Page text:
Survey Finds Dangerous Toys on Store Shelves

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Diane E. Brown

Shopping Tips, Mobile Website Can Help Parents Shop Safe

Arizona PIRG Education Fund

Dangerous toys can still be found on America’s store shelves, according to the Arizona PIRG Education Fund’s annual Trouble in Toyland report.

The Arizona PIRG Education Fund report reveals the results of laboratory testing on toys for lead and phthalates, both of which have been proven to have serious adverse health impacts on the development of young children.  The survey also found toys that pose either choking or noise hazards.

“Choking on small parts, small balls and balloons is still a leading cause of toy-related injury. Between 1990 and 2009 over 200 children have died,” said Michelle Hobar, representative of the Arizona PIRG Education Fund.  “While most toys are safe, our researchers still found toys on the shelves that pose choking hazards and other toys that contain hazardous levels of toxic chemicals including lead,” Hobar explained.

For 26 years, the PIRG’s Trouble in Toyland report has offered safety guidelines for purchasing toys for small children and provided examples of toys currently on store shelves that pose potential safety hazards.  The group also provides an interactive website with tips for safe toy shopping that consumers can access on their smart phones at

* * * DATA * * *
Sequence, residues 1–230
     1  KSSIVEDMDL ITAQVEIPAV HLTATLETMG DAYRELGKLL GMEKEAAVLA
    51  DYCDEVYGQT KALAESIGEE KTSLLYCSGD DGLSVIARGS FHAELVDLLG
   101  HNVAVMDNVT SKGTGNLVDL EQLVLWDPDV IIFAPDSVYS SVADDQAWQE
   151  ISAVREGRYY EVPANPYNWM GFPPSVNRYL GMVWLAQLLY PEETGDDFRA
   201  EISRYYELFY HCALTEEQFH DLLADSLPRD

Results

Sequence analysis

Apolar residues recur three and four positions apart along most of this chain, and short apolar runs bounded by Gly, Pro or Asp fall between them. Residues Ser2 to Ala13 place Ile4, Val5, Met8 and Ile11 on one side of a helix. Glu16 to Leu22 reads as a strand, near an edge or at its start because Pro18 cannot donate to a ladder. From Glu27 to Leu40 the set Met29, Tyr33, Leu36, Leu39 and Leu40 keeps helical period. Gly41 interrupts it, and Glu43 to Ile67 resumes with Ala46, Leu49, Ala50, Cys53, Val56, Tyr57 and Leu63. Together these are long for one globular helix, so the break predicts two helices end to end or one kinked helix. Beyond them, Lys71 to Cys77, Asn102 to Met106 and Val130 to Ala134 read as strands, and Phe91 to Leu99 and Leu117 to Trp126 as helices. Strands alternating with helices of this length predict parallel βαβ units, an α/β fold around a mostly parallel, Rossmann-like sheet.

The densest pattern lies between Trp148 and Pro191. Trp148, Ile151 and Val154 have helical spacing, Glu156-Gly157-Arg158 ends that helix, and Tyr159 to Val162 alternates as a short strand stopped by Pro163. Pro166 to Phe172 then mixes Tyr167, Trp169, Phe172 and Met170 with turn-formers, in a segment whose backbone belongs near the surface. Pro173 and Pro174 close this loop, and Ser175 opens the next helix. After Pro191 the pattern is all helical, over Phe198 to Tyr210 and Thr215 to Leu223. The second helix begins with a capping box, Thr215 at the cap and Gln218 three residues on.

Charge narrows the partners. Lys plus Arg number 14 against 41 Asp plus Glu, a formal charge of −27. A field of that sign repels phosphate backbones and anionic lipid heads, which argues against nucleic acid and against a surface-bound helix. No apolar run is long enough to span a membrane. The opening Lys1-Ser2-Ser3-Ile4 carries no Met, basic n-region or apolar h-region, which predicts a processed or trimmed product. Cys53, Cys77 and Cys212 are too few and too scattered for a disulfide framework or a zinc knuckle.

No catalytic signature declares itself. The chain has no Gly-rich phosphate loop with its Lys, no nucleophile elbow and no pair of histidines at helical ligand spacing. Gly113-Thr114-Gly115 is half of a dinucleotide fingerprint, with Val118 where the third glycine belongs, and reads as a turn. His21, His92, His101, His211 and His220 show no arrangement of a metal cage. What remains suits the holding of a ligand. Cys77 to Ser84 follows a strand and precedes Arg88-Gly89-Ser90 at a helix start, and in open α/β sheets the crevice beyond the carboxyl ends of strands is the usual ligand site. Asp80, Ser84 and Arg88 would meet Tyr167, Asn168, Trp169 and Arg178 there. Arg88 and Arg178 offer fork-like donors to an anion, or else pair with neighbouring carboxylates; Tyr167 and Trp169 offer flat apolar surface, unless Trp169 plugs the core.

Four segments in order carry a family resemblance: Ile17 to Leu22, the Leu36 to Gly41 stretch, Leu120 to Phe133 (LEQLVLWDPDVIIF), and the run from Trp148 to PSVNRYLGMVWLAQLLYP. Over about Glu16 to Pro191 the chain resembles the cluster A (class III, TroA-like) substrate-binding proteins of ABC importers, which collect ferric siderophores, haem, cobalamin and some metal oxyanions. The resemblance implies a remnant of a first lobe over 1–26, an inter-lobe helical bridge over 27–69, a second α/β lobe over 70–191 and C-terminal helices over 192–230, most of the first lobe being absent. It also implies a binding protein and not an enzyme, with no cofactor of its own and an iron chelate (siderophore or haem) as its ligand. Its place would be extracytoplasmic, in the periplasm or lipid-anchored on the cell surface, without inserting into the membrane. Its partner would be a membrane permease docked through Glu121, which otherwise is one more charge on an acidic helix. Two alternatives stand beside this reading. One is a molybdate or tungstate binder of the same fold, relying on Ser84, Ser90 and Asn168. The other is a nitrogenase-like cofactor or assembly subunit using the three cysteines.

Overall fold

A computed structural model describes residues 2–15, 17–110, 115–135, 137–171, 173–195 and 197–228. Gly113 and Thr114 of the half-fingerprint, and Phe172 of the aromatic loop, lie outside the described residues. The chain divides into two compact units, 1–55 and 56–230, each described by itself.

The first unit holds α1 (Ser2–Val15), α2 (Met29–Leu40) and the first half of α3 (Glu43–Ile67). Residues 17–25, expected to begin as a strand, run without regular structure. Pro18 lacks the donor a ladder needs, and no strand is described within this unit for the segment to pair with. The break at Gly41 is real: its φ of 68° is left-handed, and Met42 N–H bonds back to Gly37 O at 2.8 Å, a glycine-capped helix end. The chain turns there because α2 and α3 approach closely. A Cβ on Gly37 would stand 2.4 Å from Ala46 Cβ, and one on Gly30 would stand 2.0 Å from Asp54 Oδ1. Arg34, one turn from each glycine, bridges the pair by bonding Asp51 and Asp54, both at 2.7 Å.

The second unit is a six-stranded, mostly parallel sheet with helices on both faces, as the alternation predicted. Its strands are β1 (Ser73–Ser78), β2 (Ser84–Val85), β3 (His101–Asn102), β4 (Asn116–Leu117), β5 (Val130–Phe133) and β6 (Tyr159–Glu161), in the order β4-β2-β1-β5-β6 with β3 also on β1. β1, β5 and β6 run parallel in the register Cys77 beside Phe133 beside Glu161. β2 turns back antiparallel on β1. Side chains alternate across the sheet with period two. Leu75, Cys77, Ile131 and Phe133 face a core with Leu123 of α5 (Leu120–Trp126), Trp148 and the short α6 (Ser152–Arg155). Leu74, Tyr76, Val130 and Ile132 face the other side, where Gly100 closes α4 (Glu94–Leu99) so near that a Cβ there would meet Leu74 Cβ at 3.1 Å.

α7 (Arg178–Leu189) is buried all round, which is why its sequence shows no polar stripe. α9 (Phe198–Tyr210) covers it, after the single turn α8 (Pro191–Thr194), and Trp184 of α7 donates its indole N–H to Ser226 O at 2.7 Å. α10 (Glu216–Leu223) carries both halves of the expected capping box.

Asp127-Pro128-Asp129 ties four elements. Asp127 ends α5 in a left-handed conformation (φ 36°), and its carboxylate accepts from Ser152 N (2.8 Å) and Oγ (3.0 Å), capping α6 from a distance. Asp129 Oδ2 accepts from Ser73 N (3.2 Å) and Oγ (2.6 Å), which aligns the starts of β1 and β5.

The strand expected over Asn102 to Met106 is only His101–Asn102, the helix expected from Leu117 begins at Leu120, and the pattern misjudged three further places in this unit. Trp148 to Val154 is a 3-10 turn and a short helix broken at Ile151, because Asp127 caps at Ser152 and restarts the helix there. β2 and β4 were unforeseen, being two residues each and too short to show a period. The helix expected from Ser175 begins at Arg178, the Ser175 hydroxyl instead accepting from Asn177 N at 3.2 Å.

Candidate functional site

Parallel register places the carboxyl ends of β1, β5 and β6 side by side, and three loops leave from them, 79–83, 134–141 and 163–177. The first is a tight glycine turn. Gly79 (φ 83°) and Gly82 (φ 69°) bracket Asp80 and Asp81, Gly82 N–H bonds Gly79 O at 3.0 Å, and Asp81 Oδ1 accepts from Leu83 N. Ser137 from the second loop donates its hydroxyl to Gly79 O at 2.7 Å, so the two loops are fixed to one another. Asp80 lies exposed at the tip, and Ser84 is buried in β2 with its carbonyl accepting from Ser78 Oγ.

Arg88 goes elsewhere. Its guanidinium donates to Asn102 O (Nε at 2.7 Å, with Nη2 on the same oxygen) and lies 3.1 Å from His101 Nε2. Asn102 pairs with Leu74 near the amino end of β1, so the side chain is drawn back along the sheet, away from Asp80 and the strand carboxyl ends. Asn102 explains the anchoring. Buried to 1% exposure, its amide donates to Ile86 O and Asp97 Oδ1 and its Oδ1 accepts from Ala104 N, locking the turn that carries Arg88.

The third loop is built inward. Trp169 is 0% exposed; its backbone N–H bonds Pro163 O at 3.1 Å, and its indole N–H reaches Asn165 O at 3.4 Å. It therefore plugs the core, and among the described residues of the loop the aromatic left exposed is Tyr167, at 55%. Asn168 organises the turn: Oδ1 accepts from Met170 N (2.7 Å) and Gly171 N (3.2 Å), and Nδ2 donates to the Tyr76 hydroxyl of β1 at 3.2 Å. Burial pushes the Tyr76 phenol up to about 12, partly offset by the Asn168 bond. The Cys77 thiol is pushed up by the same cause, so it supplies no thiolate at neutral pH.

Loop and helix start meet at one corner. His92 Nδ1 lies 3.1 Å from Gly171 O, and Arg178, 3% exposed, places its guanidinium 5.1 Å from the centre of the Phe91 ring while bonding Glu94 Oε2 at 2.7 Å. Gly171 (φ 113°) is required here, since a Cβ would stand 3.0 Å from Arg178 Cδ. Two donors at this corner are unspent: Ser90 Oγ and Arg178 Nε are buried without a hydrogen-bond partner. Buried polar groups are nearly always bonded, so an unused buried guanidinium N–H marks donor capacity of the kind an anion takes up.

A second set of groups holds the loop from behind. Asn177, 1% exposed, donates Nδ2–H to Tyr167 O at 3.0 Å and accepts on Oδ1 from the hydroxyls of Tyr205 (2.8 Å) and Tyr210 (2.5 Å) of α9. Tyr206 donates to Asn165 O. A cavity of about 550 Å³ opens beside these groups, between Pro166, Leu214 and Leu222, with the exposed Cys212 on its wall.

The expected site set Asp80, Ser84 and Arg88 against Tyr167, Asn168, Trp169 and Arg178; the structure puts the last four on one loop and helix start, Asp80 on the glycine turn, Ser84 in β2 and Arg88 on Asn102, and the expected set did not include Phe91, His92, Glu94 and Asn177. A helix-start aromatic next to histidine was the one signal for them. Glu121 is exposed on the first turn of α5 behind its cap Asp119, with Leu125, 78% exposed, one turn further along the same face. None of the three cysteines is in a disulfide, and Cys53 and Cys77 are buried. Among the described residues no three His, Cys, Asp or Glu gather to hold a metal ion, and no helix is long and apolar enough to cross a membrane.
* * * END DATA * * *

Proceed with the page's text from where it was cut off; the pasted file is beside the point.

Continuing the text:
Key findings from the report include:

  • •    Toys with high levels of toxic substances are still on store shelves. The group found toys containing levels of phthalates – a chemical that poses development hazards for small children – at 40 and 70 times allowable limits. Several toys were found to violate current allowable lead limits (300ppm). Lead has negative health effects on almost every organ and system in the human body.
  • •    Despite a ban on small parts in toys for children under three, the group found toys available in stores that still pose choking hazards.
  • •    Researchers also found toys that are potentially harmful to children’s ears and exceed the hearing standards recommended by the National Institute of Deafness and Other Communication Disorders.

In 2008, Congress placed strict limits on concentrations of lead and phthalates in toys and children articles in a law that also gave greater authority and funding to the Consumer Product Safety Commission (CPSC).  Hobar noted that the CPSC has a new database of both potential hazards and recalled products at

“Parents and toy givers need to remember that while the CPSC is doing a good job, it does not test all toys on the shelves.  Consumers should also remember that toys that are not on our list of examples could pose hazards,” Hobar concluded. “The Arizona PIRG Education Fund’s Toy Tips explains the most common toy hazards and our mobile website.”